Reticulospinal Tracts
Origin: reticular formation found throughout brain stem (specifically pons and medulla)
Functions to set muscle tone (adjust posture) in anticipation of a movement
Found at all levels of the spinal cord - would be a lot slower without it
Tectospinal Tract
mediates reflexive movement of head and neck in response to sensory stimuli (predominantly vision and hearing)
Originates in the superior colliculus (SC, midbrain) and descends through cervical levels of the spinal cord
Rubrospinal Tract
Midbrain of brain stem
Regulates muscle tone in upper limbs
Ex. putting hands out when falling
Originates in red nucleus (R) of the midbrain then crosses at the level of the nucleus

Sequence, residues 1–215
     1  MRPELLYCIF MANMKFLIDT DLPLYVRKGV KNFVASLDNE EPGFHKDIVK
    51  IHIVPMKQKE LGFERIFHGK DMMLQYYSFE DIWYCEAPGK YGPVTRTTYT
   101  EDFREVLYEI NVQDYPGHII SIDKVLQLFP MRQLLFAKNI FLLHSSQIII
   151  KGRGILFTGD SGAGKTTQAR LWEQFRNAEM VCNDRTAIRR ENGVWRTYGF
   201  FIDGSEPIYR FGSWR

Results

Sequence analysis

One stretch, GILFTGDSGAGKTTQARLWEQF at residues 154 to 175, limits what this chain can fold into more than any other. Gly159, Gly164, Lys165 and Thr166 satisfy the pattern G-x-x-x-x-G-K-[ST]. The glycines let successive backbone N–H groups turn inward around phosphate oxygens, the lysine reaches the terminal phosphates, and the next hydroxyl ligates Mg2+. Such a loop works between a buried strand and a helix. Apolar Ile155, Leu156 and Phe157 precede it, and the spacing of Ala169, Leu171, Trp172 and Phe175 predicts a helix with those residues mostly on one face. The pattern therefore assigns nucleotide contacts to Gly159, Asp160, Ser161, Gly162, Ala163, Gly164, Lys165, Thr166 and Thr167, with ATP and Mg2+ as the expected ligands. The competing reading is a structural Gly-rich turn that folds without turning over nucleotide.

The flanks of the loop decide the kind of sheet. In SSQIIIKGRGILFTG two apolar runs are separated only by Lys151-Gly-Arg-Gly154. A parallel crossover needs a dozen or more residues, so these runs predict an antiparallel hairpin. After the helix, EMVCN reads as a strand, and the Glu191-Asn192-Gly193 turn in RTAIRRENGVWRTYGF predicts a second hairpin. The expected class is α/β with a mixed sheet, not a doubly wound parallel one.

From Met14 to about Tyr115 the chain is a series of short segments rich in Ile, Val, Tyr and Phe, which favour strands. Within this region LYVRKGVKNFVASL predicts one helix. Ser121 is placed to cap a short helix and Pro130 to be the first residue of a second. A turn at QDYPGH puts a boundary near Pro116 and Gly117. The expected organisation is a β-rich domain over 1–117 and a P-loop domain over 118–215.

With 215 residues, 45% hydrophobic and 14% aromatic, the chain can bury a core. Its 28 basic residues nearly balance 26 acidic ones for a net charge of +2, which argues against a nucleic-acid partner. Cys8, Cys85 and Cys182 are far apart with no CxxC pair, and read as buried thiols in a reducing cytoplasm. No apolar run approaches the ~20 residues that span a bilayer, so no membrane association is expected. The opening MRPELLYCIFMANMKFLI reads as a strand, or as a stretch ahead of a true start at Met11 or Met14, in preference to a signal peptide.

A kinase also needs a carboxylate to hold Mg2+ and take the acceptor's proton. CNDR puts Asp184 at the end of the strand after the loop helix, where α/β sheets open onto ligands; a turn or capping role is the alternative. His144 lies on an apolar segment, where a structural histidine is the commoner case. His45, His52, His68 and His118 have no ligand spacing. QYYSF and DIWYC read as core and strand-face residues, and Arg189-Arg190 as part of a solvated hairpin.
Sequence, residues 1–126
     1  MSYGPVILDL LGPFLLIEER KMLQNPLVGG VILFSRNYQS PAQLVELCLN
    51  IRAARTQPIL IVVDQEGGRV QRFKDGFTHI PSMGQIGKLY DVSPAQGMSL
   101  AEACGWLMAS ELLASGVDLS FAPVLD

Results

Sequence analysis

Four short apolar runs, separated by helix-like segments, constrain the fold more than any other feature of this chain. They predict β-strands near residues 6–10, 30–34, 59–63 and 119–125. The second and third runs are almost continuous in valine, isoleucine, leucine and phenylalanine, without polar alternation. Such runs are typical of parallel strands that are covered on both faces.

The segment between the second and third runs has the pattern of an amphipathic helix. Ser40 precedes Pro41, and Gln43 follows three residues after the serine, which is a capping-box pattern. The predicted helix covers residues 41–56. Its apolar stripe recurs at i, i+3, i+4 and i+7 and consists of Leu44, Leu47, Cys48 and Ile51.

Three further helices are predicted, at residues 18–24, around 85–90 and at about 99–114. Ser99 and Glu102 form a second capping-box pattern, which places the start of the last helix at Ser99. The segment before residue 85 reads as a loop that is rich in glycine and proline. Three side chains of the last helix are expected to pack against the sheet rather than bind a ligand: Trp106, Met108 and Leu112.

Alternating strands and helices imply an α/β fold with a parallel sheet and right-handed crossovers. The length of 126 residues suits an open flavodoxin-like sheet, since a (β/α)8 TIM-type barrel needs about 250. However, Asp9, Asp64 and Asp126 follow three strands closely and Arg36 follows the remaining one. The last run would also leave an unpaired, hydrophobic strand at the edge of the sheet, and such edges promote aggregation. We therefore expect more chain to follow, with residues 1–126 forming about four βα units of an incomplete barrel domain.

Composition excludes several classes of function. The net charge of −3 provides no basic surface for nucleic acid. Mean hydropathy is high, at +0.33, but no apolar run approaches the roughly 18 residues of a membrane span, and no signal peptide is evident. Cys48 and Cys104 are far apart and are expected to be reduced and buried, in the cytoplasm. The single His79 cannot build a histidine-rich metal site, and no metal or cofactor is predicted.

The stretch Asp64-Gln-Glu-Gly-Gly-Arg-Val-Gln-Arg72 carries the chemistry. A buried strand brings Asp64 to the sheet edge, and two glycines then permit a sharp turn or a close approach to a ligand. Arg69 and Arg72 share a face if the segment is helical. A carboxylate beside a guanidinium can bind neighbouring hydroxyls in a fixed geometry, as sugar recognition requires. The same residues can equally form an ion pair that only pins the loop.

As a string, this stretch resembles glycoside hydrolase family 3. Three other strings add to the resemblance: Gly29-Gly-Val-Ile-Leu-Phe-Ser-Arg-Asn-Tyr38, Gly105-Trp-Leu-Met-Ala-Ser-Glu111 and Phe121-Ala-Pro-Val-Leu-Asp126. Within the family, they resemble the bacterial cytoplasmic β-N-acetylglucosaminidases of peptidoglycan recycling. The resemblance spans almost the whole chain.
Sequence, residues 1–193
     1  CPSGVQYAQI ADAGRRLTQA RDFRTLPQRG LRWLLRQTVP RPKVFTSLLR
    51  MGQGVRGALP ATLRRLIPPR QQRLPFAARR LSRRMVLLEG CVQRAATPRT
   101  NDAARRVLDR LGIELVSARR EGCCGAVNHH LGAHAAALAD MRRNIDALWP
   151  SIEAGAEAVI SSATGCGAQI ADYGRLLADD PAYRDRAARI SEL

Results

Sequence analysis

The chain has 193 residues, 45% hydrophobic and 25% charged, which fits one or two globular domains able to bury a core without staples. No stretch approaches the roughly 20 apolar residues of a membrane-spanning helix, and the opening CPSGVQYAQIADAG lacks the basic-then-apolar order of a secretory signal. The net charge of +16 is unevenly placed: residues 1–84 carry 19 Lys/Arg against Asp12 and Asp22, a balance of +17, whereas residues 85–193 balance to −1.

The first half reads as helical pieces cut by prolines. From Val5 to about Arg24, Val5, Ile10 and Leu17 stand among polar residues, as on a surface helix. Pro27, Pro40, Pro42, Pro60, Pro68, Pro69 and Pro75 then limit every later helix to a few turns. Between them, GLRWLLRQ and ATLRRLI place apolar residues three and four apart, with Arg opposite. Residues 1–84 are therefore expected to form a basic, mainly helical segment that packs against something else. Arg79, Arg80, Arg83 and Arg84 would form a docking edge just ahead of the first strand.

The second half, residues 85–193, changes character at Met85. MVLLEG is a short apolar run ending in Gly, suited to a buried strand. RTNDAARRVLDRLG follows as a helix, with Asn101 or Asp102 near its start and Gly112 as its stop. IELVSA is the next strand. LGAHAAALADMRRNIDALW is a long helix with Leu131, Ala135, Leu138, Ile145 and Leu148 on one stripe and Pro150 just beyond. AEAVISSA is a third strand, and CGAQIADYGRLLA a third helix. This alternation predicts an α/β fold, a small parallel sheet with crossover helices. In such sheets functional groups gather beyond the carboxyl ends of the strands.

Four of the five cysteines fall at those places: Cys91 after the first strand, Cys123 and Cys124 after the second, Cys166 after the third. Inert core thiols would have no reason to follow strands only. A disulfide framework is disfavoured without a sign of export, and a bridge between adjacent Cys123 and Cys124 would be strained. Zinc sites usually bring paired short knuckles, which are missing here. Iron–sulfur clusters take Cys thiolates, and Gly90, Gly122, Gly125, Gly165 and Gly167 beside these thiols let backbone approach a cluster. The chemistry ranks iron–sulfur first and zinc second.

Descends through cervical spinal cord, following a pattern similar to the corticospinal tract
Nuclei Include:
Caudate Nucleus and Putamen --> Striatum
Globus Pallidus --> Pallidum
Substantia Nigra --> Brain Stem
Subthalamic Nucleus --> Diencephalon
Basal Nuclei
collection of interconnected subcortical nuclei that function as a central link in the part of the motor system that translates the desire to move (mentation, i.e. thinking) into action
"Organ of Habit"

"Selects" desired behaviors and "inhibits" unwanted behaviors (unwanted = trimmers)
They remember/involved in habits
Basal Nuclei - Frontal Plane
Basal Nuclei - Frontal Plane
Basal Nuclei - Loop
Works in a loop:

The cortex projects to the striatum (caudate and putamen) which projects to the golubus pallidus and the substantia nigra. The substantia nigra projects back to the striatum